Summary A concern amongst policy makers to identify high cost and low productivity populations has created a new interest in identifying those who experience adversities across the life-course. This paper outlines the development of conceptual understandings of families whose children experience multiple adversities and links this with later poor outcomes in adult life and examines some of the research challenges in establishing such linkages. Findings It is argued that current thinking with regard to these issues reflects historical domains within which services to children and to adults are located. The challenge to domain thinking is both horizontal and vertical. Policy being required to address the horizontal axis by co-ordinating planned approaches to multiple needs across services. And policy being necessary to address the vertical cleavage between children’s and adult services in ways which join up services across the life path; conceptually and practically acknowledging the links between child and adult experiences. Application Such policy developments will inevitably require social work to develop alternative paradigms for understanding the needs of children and adults and designing services to effectively meet these.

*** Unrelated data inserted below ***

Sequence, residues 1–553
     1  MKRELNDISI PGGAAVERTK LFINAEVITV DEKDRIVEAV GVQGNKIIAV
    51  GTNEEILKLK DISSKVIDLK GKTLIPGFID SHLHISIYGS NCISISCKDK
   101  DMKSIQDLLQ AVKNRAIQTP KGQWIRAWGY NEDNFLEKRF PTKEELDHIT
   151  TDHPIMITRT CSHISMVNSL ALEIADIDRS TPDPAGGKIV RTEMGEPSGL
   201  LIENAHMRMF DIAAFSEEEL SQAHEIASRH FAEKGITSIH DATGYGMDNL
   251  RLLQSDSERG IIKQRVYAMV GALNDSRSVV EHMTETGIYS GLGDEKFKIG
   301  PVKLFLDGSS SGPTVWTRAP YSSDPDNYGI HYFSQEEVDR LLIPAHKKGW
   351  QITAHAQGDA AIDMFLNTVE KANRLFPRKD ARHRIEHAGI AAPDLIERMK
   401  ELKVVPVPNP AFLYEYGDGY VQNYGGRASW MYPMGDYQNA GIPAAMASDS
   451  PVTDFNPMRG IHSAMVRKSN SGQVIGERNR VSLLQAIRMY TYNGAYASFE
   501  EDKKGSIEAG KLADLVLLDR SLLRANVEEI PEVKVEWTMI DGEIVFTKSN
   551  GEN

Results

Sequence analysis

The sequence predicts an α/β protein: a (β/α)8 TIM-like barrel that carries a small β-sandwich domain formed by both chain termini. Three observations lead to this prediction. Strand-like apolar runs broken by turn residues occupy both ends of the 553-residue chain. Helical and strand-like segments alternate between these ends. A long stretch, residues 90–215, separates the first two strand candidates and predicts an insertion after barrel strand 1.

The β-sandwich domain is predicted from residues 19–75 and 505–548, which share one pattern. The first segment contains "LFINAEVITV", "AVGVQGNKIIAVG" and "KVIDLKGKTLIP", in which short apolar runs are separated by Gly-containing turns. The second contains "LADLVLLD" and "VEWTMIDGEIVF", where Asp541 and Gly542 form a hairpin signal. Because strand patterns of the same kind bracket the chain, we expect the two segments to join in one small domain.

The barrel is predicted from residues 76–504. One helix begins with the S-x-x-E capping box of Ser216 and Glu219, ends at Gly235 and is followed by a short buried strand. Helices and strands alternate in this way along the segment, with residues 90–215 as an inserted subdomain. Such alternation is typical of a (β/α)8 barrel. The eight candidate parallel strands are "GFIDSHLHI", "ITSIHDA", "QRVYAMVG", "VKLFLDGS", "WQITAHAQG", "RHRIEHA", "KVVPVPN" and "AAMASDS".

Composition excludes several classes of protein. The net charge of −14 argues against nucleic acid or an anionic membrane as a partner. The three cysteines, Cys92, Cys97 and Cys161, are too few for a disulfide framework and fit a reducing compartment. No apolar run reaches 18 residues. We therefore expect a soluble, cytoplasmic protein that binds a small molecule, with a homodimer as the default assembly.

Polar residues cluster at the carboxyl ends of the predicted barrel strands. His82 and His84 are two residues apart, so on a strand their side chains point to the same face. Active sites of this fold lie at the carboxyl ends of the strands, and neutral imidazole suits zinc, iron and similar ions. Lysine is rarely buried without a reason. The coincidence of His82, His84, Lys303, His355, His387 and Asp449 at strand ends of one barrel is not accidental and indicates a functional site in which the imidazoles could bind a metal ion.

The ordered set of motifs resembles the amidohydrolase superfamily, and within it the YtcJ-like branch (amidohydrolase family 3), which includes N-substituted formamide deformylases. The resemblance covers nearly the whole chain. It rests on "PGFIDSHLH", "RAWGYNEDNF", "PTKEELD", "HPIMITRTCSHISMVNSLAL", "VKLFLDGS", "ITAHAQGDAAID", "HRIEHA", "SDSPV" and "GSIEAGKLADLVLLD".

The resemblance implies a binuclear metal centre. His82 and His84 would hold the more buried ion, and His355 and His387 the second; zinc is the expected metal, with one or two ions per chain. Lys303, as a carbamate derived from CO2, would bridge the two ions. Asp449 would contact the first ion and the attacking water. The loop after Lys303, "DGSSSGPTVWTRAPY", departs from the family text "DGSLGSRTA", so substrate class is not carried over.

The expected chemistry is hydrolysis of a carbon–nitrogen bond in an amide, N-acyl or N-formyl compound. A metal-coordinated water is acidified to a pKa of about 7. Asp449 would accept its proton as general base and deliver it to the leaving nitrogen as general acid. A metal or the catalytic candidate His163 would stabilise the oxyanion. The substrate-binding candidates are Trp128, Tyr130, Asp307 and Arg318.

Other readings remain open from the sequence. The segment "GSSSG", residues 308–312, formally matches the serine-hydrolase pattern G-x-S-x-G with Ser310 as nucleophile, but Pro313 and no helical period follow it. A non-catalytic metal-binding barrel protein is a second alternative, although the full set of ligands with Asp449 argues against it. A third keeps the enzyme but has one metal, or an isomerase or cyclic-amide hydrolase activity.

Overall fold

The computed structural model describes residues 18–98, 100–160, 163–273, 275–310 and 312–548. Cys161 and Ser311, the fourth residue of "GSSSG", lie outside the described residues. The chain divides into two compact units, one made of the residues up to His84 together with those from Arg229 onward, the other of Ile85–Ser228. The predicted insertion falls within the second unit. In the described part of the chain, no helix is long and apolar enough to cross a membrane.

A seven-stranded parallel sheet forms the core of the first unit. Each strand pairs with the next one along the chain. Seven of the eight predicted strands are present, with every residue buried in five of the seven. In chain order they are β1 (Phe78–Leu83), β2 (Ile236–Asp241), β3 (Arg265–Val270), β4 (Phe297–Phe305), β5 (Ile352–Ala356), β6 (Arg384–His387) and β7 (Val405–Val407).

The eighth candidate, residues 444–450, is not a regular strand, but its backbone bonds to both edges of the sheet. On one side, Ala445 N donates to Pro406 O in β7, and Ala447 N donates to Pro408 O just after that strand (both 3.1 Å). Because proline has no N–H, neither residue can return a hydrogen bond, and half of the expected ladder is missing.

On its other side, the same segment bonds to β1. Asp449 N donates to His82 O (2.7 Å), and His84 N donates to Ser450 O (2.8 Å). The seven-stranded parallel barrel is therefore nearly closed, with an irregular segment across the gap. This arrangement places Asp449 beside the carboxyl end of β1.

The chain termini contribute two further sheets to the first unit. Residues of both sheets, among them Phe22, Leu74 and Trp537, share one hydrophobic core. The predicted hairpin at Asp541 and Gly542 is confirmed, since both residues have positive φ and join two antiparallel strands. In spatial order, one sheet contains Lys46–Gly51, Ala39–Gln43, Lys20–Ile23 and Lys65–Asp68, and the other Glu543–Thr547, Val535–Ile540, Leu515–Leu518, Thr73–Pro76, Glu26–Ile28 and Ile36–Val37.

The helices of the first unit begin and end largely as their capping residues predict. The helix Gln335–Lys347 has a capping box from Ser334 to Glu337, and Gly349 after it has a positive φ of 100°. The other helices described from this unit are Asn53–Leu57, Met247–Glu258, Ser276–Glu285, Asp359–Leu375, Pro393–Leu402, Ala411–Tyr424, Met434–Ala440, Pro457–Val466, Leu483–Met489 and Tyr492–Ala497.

ASJC Scopus subject areas
- Social Sciences (miscellaneous)
- Health(social science)